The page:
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Bringing Out Their Best

by Matt Consentino

ON THE SURFACE, a 300-pound football player preparing for his first professional training camp and a 14-year-old female soccer player hoping to crack the varsity lineup as a freshman might not seem to have a lot in common.

But for both, pushing their bodies to the limit in the off-season—and not just training hard, but training the right way—can make all the difference when it comes time to perform in their respective sports.

Helping athletes of all ages and skill levels reach their full potential has become a passion for Andrew Csik, a certified physical trainer who founded Game On Sports in 2014. He has trained a large number of high school and collegiate athletes as well as professionals like Jon Dorenbos of the Philadelphia Eagles.

“We work with a wide range of clients,” Csik says. “I generally don’t take kids younger than 12, and even at that age you have to be careful. My oldest client right now is 58 years old, and we have about 80 athletes—21 from Division I—in our off-season summer program.

“I’ve also trained several professional football players and my wife is a professional equestrian rider who I work with. It’s a lot different working with a football player and an equestrian rider, but it just goes to show you that all athletes need to prepare during the off-season.”

Csik was a three-sport athlete himself at Burlington Township High School before moving on to East Stroudsburg University and then Holy Family University, where he received a degree in education. He expected to have a long and fruitful career as a teacher, but instead of making a difference in the classroom, he is doing so in the gym.

His strength and conditioning career started at 7Deuce Sports, a Medford facility owned by former Eagles offensive lineman Tra Thomas. Csik worked his way up from intern to head trainer in two years and developed a love for the field.

Before going out on his own at Game On Sports, Csik traveled to some of the most successful training facilities in the country to learn the best techniques and methods available. One trainer in particular who had a profound impact on him was Mike Boyle, who owns and operates a facility in Boston.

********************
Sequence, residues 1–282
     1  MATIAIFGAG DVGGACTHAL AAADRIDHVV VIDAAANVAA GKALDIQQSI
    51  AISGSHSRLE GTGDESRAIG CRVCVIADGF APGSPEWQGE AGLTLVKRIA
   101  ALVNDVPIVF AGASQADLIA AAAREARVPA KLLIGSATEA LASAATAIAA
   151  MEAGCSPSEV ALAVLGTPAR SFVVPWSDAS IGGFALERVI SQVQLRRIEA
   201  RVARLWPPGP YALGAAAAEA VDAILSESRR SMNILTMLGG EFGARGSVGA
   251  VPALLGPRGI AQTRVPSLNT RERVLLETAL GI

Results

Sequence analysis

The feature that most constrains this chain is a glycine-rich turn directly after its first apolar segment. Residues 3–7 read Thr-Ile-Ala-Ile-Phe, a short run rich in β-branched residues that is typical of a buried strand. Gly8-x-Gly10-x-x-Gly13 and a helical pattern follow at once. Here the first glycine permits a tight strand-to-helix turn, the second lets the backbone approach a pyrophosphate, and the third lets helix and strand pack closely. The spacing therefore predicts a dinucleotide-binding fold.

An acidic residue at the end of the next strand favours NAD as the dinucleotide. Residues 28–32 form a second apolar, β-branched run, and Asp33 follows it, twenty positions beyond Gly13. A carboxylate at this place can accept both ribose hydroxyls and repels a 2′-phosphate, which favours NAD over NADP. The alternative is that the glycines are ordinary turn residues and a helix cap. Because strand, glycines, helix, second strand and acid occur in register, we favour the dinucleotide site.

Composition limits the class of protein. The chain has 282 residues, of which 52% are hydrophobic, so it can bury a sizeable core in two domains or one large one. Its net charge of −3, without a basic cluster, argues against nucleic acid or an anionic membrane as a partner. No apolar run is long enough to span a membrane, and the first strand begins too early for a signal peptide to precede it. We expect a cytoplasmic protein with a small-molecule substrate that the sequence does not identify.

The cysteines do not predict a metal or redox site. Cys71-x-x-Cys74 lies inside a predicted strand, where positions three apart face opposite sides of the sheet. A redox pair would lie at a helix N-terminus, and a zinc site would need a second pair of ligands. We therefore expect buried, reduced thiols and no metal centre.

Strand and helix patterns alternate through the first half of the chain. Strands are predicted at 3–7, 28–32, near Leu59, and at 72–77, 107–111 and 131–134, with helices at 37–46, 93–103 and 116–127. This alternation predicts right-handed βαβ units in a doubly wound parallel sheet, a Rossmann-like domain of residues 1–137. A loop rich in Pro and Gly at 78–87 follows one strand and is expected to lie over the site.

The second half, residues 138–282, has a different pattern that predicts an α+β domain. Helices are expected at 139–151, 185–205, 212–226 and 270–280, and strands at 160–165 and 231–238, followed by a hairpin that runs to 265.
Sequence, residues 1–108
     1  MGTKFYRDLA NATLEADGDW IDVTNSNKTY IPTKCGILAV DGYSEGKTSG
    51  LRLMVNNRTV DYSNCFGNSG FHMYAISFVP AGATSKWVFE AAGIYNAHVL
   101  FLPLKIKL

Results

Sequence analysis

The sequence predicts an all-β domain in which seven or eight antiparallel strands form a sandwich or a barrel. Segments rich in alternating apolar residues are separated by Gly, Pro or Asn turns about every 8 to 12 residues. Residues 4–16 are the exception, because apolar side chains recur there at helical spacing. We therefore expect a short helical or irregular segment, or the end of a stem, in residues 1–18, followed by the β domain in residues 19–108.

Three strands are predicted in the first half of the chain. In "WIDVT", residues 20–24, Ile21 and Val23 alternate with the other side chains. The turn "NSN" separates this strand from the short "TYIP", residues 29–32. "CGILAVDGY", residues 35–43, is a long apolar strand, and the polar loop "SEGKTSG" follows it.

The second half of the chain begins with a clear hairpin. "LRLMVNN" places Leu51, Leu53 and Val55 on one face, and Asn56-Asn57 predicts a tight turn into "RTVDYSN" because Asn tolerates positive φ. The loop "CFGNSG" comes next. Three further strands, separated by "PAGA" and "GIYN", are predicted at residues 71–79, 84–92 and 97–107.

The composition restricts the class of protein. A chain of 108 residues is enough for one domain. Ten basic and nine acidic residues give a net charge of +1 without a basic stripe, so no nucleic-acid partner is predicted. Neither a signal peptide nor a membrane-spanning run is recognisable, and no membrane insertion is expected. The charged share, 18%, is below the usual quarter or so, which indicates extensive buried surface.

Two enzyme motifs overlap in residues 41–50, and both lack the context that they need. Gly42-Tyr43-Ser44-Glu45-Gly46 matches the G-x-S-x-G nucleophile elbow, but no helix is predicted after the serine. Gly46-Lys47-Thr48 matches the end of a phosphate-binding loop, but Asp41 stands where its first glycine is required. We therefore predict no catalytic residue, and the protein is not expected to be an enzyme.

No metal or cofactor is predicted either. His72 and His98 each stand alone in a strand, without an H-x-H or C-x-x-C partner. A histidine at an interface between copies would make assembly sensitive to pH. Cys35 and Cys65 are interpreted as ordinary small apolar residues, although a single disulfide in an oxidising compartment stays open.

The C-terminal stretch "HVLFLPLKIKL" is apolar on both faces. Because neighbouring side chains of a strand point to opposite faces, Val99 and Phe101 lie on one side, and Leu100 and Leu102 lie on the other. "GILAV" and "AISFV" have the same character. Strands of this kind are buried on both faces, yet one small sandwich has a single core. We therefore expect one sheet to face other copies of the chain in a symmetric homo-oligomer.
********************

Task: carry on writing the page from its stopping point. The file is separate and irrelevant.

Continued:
“In my mind, he’s the best trainer we have in the United States,” Csik says. “What I really like about Mike is that he never stops learning and is always implementing better training methods. That’s probably rare to find in a lot of industries, but even more so in strength and conditioning, where a lot of people think their way is the only way.”

Csik has taken a similar approach to constantly educating himself and has adopted a holistic training philosophy. He believes in placing his clients at a proper training level based on the functional movement test, and aims to keep exercises safe and simple.

He also stresses strengthening of the core over specialization of muscle groups.

“We work the upper and lower body every day and we focus on strengthening the core in all different ways,” he says. “I think a lot of our strength starts and ends there.”

While all kinds of athletes are welcome at Game On Sports, a significant portion of the clientele are female soccer players. They have been especially important to the growth of the business, and Csik has established a strong relationship with Shawnee High School girls soccer coach Drew Wagner.

“It’s sometimes rare to find a coach who’s willing to send his players outside of the program,” Csik says. “But Drew has allowed me to tackle the strength and conditioning aspect. I don’t pretend to be a soccer coach; that’s his specialty, and this is mine. It’s been a great partnership.”

Furthering the Shawnee connection, Csik recently hired former Renegades and Rutgers University star player Erin Smith to offer soccer-specific training. Smith was drafted by the Houston Dash of the Women’s Professional Soccer League in January.

“It’s exciting to have someone like that who’s very accomplished at the next level, and the girls have been very excited to work with her,” Csik says.

Strength training is done in small groups or in a one-on-one format, and can often foster friendly competition among the athletes. As for the adult clients, Csik takes the approach of training smarter, not harder, and focuses on activities they do every day. “It’s very functional training,” he says. “We try to take the risks down and promote more of an overall healthy lifestyle.”

This past March, Game On Sports partnered with Powerhouse Fitness & Yoga—“the best yoga center in Medford”—and now operates out of a facility below Powerhouse on 417 Stokes Road. The past year has seen tremendous growth, with the client base more than doubling.

“I want to increase the level of each athlete in all of the communities surrounding Medford,” Csik says. “I got into this field because I like lifting and I like sports, and I was pretty naïve at the time. But it led me to this passion, and now I see that it’s a lot like teaching. You use a lot of the same tools from teaching in training.”

Published (and copyrighted) in Suburban Family Magazine, Volume 8, Issue 5 (July, 2017). 
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